365 Places: Gregynog

Day 65: Gregynog, Wales, UK

The main purpose of my first trip to the UK and Europe was to attend a conference and present a paper. The conference was titled Identities in action (University of Wales, Aberystwyth) and my topic was ‘Workshopping the museum of the future’. The event was located at Gregynog Hall, a gorgeous Tudor mansion in the middle of Wales. Mr Wikipedia says:

Gregynog is a large country mansion in the village of Tregynon, 6 km northwest of Newtown in the old county of Montgomeryshire, now Powys in mid Wales. There has been a settlement on the site since the twelfth century. From the fifteenth to the nineteenth centuries it was the home of the Blayney and Hanbury-Tracy families. In 1960 it was transferred to the University of Wales as a conference and study centre by Margaret Davies, granddaughter of the nineteenth century industrial magnate and philanthropist, David Davies ‘Top Sawyer’ of Llandinam.

To stay at Gregynog was a fascinating experience as there is history everywhere you look, from the collections of art and books still remaining, to the beautiful gardens and grounds that surround Gregynog.

This linocut of Gregynog Hall was printed at Gwasg Gregynog (the private press).  It is from a linocut by Peter Allen, with a quote from William Morris around the edge. Image Credit: http://wherefivevalleysmeet.blogspot.com.au/2011/11/gregynog-hall-mid-wales.html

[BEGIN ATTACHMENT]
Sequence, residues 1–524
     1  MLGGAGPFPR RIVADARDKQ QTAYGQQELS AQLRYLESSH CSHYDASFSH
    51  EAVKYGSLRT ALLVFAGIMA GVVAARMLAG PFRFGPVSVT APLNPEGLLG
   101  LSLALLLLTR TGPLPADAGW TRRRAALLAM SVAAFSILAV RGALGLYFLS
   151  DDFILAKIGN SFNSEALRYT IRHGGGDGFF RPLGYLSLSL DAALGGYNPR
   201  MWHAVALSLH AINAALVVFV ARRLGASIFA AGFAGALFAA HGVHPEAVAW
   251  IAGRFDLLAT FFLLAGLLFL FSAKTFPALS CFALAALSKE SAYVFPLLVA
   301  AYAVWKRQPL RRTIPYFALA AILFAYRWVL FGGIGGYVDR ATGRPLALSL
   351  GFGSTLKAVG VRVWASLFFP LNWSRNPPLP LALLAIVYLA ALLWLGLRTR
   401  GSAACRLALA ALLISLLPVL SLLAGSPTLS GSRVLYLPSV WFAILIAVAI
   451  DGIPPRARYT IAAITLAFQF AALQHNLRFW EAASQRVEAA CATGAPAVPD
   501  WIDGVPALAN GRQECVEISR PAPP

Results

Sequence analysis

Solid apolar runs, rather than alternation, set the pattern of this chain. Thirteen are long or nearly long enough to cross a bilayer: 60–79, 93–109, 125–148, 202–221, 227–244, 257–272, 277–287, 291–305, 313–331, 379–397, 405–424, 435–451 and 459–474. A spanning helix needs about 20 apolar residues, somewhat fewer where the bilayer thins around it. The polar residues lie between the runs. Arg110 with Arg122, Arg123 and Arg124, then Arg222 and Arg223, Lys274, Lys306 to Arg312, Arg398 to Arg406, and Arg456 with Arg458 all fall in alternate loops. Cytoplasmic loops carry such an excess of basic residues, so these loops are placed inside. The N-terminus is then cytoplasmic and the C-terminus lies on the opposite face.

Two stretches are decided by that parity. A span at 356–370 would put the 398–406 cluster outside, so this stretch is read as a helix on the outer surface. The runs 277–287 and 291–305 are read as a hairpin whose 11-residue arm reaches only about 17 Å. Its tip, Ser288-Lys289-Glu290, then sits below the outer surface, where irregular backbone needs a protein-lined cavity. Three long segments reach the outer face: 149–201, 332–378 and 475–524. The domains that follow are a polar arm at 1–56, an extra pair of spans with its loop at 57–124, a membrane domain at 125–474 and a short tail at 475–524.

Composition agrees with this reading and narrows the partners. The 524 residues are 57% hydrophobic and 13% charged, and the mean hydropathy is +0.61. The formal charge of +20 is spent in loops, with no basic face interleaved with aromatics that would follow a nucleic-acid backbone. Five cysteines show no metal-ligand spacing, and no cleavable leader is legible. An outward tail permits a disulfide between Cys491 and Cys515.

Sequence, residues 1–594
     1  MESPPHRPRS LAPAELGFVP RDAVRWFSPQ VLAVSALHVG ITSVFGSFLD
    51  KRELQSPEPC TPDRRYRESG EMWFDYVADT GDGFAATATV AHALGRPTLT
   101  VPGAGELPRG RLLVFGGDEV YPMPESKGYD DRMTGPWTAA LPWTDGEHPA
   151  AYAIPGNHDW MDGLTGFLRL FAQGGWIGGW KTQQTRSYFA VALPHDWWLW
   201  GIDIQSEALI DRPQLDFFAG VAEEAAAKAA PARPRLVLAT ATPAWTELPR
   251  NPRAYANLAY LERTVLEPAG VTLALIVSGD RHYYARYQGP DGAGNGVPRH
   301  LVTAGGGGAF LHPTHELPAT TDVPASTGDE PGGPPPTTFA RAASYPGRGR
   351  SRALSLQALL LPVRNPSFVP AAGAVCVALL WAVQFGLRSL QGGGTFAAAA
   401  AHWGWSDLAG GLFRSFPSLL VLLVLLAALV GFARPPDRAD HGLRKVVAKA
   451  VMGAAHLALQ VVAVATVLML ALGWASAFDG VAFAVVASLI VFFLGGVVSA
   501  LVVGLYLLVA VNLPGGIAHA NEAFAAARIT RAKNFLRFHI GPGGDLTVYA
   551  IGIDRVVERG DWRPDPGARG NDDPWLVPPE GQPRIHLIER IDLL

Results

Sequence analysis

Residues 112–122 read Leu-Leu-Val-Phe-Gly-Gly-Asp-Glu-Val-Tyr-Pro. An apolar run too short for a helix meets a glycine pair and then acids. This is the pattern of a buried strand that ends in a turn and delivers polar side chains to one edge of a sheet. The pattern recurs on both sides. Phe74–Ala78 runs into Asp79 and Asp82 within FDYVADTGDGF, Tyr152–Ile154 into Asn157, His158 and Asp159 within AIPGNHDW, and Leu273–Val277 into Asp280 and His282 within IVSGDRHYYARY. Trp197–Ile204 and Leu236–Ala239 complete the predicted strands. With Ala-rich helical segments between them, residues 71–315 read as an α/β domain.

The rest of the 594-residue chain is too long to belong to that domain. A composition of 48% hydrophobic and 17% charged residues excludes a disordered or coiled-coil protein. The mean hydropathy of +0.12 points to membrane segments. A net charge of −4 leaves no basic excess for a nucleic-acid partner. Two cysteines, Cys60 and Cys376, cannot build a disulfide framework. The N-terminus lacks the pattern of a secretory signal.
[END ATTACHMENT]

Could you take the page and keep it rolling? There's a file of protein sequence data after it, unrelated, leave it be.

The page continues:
This linocut of Gregynog Hall was printed at Gwasg Gregynog (the private press). It is from a linocut by Peter Allen, with a quote from William Morris around the edge. Image Credit: http://wherefivevalleysmeet.blogspot.com.au/2011/11/gregynog-hall-mid-wales.html

Gregynog has a rich history as well as having links to art and music, which came about because of the development of a press by the Davies sisters. According to the Gregynog website it was the headquarters of their enterprise to bring art, music and creative skills to the people of Wales. The websites states that:

The Davies sisters together created one of the most important private collections of art in Britain and donated a total of 260 works to the National Museum Wales in the mid 20th century, where it has become one of the nation’s greatest treasures. However, some of the pictures, a great deal of the furniture, and many, many books still remain at Gregynog.

Here is an image from a publication printed by the Gregynog Press.

I would love to return to Wales and Gregynog one day, this time just as a visitor to soak up the history of the site and the surrounding townships more fully as I am sure there is much to be learnt from this beautiful green country.

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About

Tracey M Benson is a lover of travel, having a diverse background as an artist, writer and researcher. Working with online environments since 1994, Tracey's experience includes providing digital media, web and social media solutions to government, non-profit, private industry and tertiary sectors. Her focus is on sustainability behaviour change and the use of communications and emerging technologies to empower community and build culture.

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2 comments on “365 Places: Gregynog
  1. Magnificent place with a rich history.

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